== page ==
That is another big problem. The buttwipe booking agents and buyers.

    I've always believed in listing on my promo that I do any and every song you they think I'm supposed to. And I never play them. Instead I play things like "Do You Feel Like We Do" by Frampton, "Fred Bear and Stranglehold" by Teddy, play the unexpected, but still highly dance-able songs. And don't let them fool you, they love to grind to Strangelhold, they don't want to admit their bad girl side, but enough booze and they become pole dancers during that undulating groove.

    In general, I think you get the idea. Look at the Billboard top 200 songs for any given year during music's golden era of the 50's-80's. Their was so much great music by people you have and haven't heard of, but if it was on the Billboard charts, they remember it. Give them some alternatives in the exact same genres and they will come.
  15. Smallmouth_Bass


    Dec 29, 2005
    There's always that balance; on the one hand you don't want to be like every other band, but, you want to play tunes that people know and like. There's a reason why certain songs get played over and over: because people like them.

    I'd actually prefer playing some tunes that I like less but know the audience will enjoy, as long as the whole repertoire doesn't consist of songs I hate.
  16. dvh

    dvh Supporting Member

    Sep 1, 2006
    Halifax, Nova Scotia
    Well, the title is "Brown Eyed Girl"
  17. Dantreige


    Oct 22, 2009
    Wow! Keithwah, I'm not sure I should agree with you or not. You made some great points but also stabbed your audience in the eye! Holy crap! Anyhooooo.....

    People like songs they know. It's not a crime. Nor is it a crime to play a song they know if they ask for it. People will remember you (and appreciate you more) for giving them what they wanted.

    My suggestion is to have Brown Eyed Girl, Jenny, Sweet Home Alabama, etc. available to play. You don't have to play them every night. Switch it up! Better yet, do something special with those songs. Why not arrange a mash up of a few of those songs?

    Examples of what we do:

    Sweet Home Alabama: Two guitar players to start the song, half way through, one guitar player switches to keys. People love it.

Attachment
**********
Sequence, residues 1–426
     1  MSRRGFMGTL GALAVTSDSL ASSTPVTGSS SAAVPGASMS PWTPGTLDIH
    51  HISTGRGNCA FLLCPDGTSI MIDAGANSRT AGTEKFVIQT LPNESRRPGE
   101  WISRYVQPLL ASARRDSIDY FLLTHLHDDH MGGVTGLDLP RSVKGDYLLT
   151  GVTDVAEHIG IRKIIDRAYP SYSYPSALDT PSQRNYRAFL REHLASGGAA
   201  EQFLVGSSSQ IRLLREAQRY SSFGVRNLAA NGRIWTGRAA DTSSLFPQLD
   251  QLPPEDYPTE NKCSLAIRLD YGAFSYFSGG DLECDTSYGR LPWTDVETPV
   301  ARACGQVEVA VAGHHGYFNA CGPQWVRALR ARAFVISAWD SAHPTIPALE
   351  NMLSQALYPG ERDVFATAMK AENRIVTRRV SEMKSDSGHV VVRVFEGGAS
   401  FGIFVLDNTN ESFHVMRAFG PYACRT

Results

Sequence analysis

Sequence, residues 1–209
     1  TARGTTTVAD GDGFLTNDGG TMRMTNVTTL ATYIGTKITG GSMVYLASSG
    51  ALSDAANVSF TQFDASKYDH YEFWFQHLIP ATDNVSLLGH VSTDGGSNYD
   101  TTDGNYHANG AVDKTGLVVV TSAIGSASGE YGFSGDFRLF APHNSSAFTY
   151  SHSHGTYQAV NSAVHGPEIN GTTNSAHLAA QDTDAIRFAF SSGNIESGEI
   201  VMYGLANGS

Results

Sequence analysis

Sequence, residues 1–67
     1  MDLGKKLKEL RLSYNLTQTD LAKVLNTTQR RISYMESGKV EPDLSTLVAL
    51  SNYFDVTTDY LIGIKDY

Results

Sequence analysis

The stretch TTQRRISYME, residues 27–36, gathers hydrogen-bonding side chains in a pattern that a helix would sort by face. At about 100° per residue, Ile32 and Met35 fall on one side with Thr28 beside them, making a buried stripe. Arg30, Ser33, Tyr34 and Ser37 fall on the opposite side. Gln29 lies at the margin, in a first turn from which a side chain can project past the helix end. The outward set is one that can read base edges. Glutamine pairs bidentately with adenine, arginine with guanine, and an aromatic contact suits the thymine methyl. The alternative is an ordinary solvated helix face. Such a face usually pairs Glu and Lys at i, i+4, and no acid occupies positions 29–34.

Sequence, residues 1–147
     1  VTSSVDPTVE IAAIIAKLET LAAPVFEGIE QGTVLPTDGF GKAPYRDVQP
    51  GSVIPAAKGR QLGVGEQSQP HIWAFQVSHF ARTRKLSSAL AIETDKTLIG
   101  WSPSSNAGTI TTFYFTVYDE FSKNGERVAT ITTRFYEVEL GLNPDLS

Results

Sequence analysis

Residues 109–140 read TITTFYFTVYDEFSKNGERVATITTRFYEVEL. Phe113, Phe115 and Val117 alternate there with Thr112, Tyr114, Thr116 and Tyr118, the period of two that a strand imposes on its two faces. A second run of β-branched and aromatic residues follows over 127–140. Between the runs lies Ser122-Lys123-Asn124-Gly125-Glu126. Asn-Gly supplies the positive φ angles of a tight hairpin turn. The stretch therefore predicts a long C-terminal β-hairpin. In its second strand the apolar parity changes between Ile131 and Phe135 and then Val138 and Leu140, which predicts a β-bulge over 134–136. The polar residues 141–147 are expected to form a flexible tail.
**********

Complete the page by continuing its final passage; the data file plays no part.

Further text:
Sweet Emotion: Guitar players #1 uses a voice hose at the end of the song. There is a breakdown and he will do some Frampton lines and other voice hose stuff from other songs. He will also personalize what he does for the venue or occasion. People are entranced by this. We then will go into Bon Jovi, It's my life. That song uses the VH too. Classic song into a "newer" song. (Chicks like Bon Jovi, if you did not know.)

    Mountain Music: Guitar player breaks out the fiddle for the ending. People freak!

    East Bound and Down (Smokey and the Bandit Theme): Learned this for a wedding recently. The groom has a huge collection of cars. A Trans Am is one. We told him we could not do that song because it had banjo in it. He freaked whe we played it at the wedding and had a banjo! We had to play it more then once. ;) The second time, he parked his trans am next to the stage and rev'ed the engine. (We were outdoors at his home.) That song went on the "permanent" list and we get a lot of compliments on it.

    I could go on, but the point is, do whatever you do well, and give them what they want. Don't be afraid to change keys or try something a bit different with the songs. Make it cool, and make it your own!

    Good luck!
  18. Agreed, to some extent. Some songs may require different instrumentation or whatever that your band doesn't have. However, just not playing a song because it's too hard speaks poorly of the quality of the band.

    There's a million different cover bands, and a million different reasons that they play the songs that they play. The good bands don't factor in how hard it is to play.
  19. derrico1

    derrico1 Supporting Member

    Apr 12, 2005
    Charlottesville, VA
    ^ This.

    Of course, for the good bands, there are very few pop or rock tunes that are difficult to play. That said, a song won't become a pop/rock bar band standard unless it's easy enough for most bar bands to play--and a lot of bar cover bands aren't very good (yet).
  20. Ditto, in my market. I have a main project, and 3 sub gigs.